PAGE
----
Finance Minister Heng Swee Keat today announced a fourth round of funding worth S$33 billion is on the way to help support the country’s economy amid the COVID-19 pandemic.
Nearly half of that amount – S$13 billion – will go into a government contingency fund to act as a buffer should the government need to respond quickly to any unforeseen developments. Several other billions will go toward protecting and creating jobs for permanent residents.
The funds are likely to sail through the parliament today. Confirmed coronavirus cases in Singapore increased by another 383 today to hit 32,343. The official death toll stands at 23.
The announcement came hours after the Ministry of Trade and Industry further downgraded the contraction of the economy this year to between 4% and 7%. Heng said the unemployment rate of resident Singaporeans increased to 3.3% in March.
Heng said S$2.9 billion of the additional supplementary spending would go to shoring up jobs, extending the current wage support of 25% to 75% one month through November for all companies. Firms in the aerospace sector would receive 75% wage support while other sectors such as retail would receive 50% support.
About S$2 billion will be set aside to create jobs and provide training. Around 40,000 jobs are expected to be created under the SGUnited Jobs and Skills Package, of which 15,000 would be in the public sector.
Heng also announced incentives for employers to hire local workers who undergo relevant training. It would subsidize up to 40% of salaries for older workers 40 and up, capped at S$12,000. It would cover 20% of salaries for those under 40, capped at S$6,000.
Another S$800 million in COVID-19 Support Grant funds would be set aside for those who have lost their jobs, suffered pay cuts, or been put on unpaid leave.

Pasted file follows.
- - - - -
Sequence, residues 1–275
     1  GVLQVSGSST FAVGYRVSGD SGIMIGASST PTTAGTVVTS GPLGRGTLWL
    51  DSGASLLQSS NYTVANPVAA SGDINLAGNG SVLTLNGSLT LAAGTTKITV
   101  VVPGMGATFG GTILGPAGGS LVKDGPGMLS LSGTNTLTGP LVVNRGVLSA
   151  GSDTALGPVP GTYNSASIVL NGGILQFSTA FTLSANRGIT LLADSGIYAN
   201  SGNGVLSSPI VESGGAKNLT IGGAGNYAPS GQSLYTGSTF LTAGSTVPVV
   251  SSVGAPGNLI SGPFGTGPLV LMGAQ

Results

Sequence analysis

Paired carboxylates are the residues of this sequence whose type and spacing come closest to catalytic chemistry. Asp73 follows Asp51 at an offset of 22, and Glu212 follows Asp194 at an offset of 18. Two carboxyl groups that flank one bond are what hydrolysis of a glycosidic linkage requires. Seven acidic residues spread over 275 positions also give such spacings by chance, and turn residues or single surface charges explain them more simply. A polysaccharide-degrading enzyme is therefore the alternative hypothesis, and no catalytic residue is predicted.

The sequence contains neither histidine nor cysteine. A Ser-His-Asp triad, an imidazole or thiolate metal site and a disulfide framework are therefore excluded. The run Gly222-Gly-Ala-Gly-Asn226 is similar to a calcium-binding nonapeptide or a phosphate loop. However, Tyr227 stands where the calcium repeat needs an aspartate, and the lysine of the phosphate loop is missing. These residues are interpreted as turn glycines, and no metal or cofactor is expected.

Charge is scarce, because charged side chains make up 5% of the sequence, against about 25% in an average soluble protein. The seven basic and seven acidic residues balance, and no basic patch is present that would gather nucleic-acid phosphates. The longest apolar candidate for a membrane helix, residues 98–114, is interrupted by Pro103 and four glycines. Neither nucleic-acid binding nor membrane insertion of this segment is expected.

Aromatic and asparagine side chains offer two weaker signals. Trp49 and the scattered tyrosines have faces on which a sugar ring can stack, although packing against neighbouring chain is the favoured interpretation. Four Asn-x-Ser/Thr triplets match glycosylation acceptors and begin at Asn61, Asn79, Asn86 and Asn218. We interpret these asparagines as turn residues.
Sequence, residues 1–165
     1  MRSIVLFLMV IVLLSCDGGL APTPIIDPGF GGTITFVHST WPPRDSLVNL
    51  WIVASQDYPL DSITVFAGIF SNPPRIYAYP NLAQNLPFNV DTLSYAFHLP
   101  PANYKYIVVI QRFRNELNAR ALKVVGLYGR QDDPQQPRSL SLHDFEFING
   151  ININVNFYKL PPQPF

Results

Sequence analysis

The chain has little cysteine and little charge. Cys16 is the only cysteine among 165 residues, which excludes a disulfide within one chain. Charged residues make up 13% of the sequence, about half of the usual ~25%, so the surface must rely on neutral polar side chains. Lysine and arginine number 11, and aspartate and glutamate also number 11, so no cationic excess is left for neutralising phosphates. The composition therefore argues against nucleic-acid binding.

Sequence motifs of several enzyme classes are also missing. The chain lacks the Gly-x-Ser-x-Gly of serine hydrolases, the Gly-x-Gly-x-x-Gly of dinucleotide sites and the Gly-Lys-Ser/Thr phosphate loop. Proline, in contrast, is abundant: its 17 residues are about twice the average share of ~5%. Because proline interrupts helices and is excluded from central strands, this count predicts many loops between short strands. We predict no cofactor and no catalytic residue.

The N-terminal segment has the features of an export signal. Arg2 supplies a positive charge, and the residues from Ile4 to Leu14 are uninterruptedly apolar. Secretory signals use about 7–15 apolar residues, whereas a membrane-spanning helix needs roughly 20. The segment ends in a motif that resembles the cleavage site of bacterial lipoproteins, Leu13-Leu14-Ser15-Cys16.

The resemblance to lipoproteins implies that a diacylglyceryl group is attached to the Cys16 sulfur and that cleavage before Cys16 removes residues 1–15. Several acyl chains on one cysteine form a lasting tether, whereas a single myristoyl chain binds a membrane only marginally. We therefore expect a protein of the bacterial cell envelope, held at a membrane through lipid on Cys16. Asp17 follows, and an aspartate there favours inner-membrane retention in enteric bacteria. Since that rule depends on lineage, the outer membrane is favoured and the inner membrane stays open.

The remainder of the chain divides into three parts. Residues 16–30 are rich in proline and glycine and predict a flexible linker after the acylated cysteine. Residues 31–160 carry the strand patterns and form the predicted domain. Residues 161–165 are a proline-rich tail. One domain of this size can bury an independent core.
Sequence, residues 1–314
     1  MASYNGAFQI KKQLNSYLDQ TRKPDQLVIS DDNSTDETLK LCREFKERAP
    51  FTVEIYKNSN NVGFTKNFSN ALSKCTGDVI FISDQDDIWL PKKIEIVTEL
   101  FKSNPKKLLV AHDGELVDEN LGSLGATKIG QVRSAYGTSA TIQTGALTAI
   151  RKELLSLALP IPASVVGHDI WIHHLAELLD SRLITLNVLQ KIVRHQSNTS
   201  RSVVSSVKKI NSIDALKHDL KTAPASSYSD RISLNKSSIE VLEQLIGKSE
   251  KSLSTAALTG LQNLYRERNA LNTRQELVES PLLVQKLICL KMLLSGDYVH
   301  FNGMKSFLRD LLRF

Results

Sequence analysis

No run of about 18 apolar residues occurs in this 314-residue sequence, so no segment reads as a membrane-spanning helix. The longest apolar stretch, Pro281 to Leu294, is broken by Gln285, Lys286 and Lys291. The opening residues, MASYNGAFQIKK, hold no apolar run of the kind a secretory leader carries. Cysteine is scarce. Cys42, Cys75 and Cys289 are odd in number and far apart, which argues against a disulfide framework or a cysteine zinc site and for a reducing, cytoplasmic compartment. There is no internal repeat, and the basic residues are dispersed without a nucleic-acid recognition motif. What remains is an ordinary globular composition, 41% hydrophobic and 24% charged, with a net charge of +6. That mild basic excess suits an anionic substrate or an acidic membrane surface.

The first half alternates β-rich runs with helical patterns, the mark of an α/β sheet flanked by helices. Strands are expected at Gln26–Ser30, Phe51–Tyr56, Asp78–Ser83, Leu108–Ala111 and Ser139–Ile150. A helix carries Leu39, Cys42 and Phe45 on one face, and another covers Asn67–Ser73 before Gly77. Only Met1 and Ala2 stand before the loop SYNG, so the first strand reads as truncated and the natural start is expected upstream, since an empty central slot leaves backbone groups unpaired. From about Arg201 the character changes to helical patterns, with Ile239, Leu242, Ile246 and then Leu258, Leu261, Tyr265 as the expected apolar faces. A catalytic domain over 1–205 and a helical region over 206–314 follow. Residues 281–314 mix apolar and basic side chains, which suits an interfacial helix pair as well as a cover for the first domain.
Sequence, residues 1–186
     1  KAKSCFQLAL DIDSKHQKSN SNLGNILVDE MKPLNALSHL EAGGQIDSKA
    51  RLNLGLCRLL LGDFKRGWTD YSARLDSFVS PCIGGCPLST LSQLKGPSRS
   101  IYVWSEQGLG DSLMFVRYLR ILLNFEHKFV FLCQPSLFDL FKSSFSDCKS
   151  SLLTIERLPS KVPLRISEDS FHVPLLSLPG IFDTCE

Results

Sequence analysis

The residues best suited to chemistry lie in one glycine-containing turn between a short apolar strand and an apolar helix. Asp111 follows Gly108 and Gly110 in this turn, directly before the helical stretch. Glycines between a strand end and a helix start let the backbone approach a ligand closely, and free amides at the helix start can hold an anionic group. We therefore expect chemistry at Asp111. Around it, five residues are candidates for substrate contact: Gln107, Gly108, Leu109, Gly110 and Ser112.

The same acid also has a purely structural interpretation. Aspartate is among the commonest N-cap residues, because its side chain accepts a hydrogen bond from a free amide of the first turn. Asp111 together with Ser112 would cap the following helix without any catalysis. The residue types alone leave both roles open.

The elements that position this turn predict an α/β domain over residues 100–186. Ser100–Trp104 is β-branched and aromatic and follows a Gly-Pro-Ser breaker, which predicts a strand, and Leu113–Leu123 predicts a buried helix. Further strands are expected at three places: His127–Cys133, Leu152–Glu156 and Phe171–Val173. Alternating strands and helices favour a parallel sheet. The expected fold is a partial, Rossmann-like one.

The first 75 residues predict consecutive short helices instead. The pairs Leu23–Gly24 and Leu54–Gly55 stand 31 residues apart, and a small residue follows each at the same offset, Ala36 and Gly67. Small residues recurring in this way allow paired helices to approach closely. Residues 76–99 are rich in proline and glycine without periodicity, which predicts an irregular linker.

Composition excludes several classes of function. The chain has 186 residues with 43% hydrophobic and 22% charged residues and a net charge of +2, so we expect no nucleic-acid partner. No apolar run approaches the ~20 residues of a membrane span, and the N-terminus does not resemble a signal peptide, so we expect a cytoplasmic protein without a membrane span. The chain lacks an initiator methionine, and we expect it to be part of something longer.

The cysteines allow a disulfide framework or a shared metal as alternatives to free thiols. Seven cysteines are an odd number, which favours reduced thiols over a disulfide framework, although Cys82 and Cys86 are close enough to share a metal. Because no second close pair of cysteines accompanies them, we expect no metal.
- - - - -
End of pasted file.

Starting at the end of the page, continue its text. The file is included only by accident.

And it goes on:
More than S$500 million will go to businesses looking to digitize. Eligible F&B and retail businesses can receive payouts up to S$5,000 to invest in taking their businesses online, including payment methods or other processes.
A new bill will be tabled in parliament next week to mandate that commercial landlords waive lease payments for small-to-medium enterprise tenants who have suffered a significant drop in revenue in recent months. Those owners’ losses would be offset by S$2 billion in taxpayer money.
Each Singapore household would also receive S$100 to put toward their July or August utilities bills. This would apply to all property types housing at least one citizen.
A total of S$18 million would go to help social service agencies stay afloat, retain staff and digitize.
The latest round of economic stimulus will bring the total cost of COVID-19 aid to nearly S$100 billion. The overall budget deficit for Singapore this year will increase to S$74.3 billion, which Heng said is the largest since the country’s independence in 1965.
Heng said President Halimah Yacob has given her in-principle support to further draw S$31 billion from Singapore’s reserves, bringing the total to be drawn to S$52 billion.
Singapore’s “circuit breaker” lockdown measures are set to expire Monday, but the economy will only reopen gradually, in three phases that could take several months.
Heng said that Singapore expects most businesses to reopen in July except for those in the tourism and aviation sectors.
Editor’s note: This article has been updated to correct the additional spending amount on jobs.
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